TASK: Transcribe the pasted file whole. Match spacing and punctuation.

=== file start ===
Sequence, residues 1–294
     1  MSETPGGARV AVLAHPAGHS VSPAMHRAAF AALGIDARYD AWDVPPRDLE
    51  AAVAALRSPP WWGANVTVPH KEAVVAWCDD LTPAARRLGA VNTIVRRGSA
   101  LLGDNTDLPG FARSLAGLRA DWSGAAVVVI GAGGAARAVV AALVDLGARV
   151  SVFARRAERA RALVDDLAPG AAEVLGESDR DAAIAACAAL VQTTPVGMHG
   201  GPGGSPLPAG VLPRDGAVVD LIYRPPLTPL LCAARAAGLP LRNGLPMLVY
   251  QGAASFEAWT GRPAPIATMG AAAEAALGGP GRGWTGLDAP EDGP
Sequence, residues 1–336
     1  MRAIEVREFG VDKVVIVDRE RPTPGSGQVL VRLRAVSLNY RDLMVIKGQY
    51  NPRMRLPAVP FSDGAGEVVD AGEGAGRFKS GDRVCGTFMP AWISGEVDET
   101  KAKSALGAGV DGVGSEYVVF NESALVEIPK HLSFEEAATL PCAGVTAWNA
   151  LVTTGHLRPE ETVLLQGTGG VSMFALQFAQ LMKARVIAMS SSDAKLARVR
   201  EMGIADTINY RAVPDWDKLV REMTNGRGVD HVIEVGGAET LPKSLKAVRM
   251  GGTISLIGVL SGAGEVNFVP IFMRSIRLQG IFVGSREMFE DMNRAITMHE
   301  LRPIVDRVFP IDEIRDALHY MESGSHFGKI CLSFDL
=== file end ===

Sequence, residues 1–294
     1  MSETPGGARV AVLAHPAGHS VSPAMHRAAF AALGIDARYD AWDVPPRDLE
    51  AAVAALRSPP WWGANVTVPH KEAVVAWCDD LTPAARRLGA VNTIVRRGSA
   101  LLGDNTDLPG FARSLAGLRA DWSGAAVVVI GAGGAARAVV AALVDLGARV
   151  SVFARRAERA RALVDDLAPG AAEVLGESDR DAAIAACAAL VQTTPVGMHG
   201  GPGGSPLPAG VLPRDGAVVD LIYRPPLTPL LCAARAAGLP LRNGLPMLVY
   251  QGAASFEAWT GRPAPIATMG AAAEAALGGP GRGWTGLDAP EDGP
Sequence, residues 1–336
     1  MRAIEVREFG VDKVVIVDRE RPTPGSGQVL VRLRAVSLNY RDLMVIKGQY
    51  NPRMRLPAVP FSDGAGEVVD AGEGAGRFKS GDRVCGTFMP AWISGEVDET
   101  KAKSALGAGV DGVGSEYVVF NESALVEIPK HLSFEEAATL PCAGVTAWNA
   151  LVTTGHLRPE ETVLLQGTGG VSMFALQFAQ LMKARVIAMS SSDAKLARVR
   201  EMGIADTINY RAVPDWDKLV REMTNGRGVD HVIEVGGAET LPKSLKAVRM
   251  GGTISLIGVL SGAGEVNFVP IFMRSIRLQG IFVGSREMFE DMNRAITMHE
   301  LRPIVDRVFP IDEIRDALHY MESGSHFGKI CLSFDL